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New Guy

post #1 of 10
Thread Starter 
Greetings all. I have always loved good BBQ (especially pulled pork) and have been thinking about trying for a few years. Last weekend I bought a propane fired Brinkman vertical smoker. I hope to try my first smoke this weekend of a pork picnic. They happen to be on sale this week:)

I have been reading through the forum and hopefully the first smoke will go well. One of the biggest questions I have is with wood choice. The home depot I bought the smoker only had hickory and mesquite so I bought wood chunks. I also found a local Maine company who supplies wood and bought apple, oak and maple wood chips.

When I fired up the smoker to do a seasoning smoke I used the hickory chunks. It took quite a while to get what I thought was a good amount of smoke. I only soaked the chunks for around 40 minutes so maybe a longer water smoke would help.

So here come the questions. How smokey should the smoke be? Is there such a thing as too much smoke? Will the smoke get started quicker with chips rather than chunks? Is there such a thing as over soaking the chips/chunks?

The other big area of question is wood choice. Is there any benefit of mixing together wood types? Like I said I am going to do a pork picnic this weekend and my current choices are hickory, mesquite and hopefully oak, apple and maple if they arrive this week. If I were to blend some apple with say oak or hickory would the apple smoke be overpowered?

Thanks in advance for your help. If this is too detailed of a post for the roll call forum let me know and I will repost in the proper spot.

post #2 of 10
Welcome to SMF, glad to have you here. As for the smoke. Thin, and almost blue is the way to go. If you can smell it, it is doing what it needs to do.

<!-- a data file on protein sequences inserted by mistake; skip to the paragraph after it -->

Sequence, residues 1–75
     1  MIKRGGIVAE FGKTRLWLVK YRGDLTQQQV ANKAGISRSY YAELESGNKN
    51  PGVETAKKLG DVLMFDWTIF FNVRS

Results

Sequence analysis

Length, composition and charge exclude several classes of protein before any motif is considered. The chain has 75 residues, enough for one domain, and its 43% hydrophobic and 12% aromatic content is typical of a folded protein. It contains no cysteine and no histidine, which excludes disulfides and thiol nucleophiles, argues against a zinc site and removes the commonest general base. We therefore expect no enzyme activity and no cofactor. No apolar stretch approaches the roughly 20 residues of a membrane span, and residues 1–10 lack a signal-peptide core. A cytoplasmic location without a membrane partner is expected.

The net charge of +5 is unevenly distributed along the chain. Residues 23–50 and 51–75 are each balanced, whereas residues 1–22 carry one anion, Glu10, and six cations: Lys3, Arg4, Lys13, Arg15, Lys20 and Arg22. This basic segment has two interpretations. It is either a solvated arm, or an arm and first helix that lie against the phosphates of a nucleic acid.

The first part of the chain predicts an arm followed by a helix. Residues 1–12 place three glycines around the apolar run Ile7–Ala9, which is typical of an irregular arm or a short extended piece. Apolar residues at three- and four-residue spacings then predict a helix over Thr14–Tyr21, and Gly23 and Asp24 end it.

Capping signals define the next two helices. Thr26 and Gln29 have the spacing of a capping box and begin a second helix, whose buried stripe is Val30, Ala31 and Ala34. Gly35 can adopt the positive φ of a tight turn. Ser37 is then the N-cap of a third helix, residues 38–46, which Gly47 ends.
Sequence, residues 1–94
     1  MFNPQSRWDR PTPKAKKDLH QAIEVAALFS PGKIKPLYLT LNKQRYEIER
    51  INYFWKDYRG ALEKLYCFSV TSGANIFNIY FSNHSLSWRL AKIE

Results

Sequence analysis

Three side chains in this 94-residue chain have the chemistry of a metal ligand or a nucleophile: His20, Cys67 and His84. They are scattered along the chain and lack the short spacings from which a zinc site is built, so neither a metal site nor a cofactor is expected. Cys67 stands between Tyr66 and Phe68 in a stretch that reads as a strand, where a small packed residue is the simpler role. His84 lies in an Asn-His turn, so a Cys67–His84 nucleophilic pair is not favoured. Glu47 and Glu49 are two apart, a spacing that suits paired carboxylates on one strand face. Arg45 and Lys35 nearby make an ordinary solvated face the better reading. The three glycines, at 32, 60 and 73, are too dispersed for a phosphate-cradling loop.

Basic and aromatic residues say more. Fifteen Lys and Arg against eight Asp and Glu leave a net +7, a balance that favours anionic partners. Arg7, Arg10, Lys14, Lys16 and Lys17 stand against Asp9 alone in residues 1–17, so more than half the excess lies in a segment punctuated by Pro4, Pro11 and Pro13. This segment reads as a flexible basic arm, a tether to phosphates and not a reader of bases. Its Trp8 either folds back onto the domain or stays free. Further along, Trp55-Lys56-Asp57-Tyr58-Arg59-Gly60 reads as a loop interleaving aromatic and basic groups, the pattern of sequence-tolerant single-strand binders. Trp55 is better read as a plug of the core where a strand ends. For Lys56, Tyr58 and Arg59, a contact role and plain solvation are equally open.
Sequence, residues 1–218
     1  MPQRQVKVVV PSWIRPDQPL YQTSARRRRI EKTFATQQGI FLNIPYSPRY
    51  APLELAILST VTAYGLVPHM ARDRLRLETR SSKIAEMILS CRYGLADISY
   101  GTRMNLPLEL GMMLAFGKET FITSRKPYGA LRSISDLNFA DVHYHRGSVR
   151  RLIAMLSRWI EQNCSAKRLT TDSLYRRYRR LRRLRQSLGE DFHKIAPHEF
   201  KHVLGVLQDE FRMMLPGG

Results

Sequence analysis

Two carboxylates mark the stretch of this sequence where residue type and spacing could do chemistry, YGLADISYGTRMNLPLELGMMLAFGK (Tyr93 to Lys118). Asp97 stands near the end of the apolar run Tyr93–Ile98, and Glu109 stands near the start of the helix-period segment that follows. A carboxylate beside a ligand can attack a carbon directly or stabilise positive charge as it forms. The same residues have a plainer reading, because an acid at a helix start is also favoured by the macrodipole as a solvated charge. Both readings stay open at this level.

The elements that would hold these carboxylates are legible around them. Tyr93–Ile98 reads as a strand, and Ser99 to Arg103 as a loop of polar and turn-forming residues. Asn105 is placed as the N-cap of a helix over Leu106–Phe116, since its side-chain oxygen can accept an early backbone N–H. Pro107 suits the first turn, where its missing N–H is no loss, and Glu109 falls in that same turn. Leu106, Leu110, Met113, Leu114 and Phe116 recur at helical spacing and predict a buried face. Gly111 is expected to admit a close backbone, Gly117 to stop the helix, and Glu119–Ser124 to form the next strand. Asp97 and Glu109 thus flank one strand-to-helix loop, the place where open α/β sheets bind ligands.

The heavy white smoke is way bad. I used to think it was what I needed to do. All it does is make the meat taste funny and messes up your smoker with all the extra cresote.
post #3 of 10
Welcome to SMF. Glad you joined us.
post #4 of 10
As mentioned, too much white thick smoke is bad. Ideally, you should be able to smell the smoke but barely see it. For your first run, err on the side of caution. Less smoke flavor is still edible. Too much smoke & your dog might not even eat it. I would recommend going with the hickory chunks for your first attempt. Mesquite has a much stronger flavor. After you have a good read on how much wood to use for a couple of cooks, then try the mesquite. As for mixing the wood if you get your apple, etc in. Again, keep the first run simple. Establish a baseline of what tastes good to you & your family, then experiment.

Welcome & be sure to take pics.
post #5 of 10
Thread Starter 
Thanks guys. So I am now thinking that the "smokey" stage was probably too much. There was quite a bit of smoke coming out the chimney. Wow it doesn't seem to take a whole lot of chunks to get the proper level. Thanks for the advice!
post #6 of 10

Welcome, Glad to have you with us. This is the place to learn, lots of good info and helpful members.

Be sure to check out Jeff's 5Day Smoking Basics eCourse, you can find it here

5 Day eCourse
post #7 of 10
First off welcome to SMF. You'll really like it here cause there are alot of good people here that would just love to help you with just about anything to do with smoking. As for your smoke like everyone has told you big white smoke is BAD thin smoke is GOOD cause it will flavor gentle like you want. The next thing you should do is take the E-course it's free and very informative. then go smoke something and if you have any question just ask here or go in the chat room here and you'll get your answer right then. So Go Smoke Something.
Welcome To The Addiction.
post #8 of 10
Welcome to SMF, hope you have many happy smokes. I am a gasser also. Something that helped me a great deal was this forum here on SMF. Check it out.
post #9 of 10
Thread Starter 
I decided to go propane because I was more interested in the final product and not the process. I just didn't want the extra work of monitoring the temp with charcoal. Plus I tend to have more time in the winter so I was thinking propane would make things easier in the cold.
post #10 of 10

Welcome to SMF

Welcome, glad to have you here at SMF!
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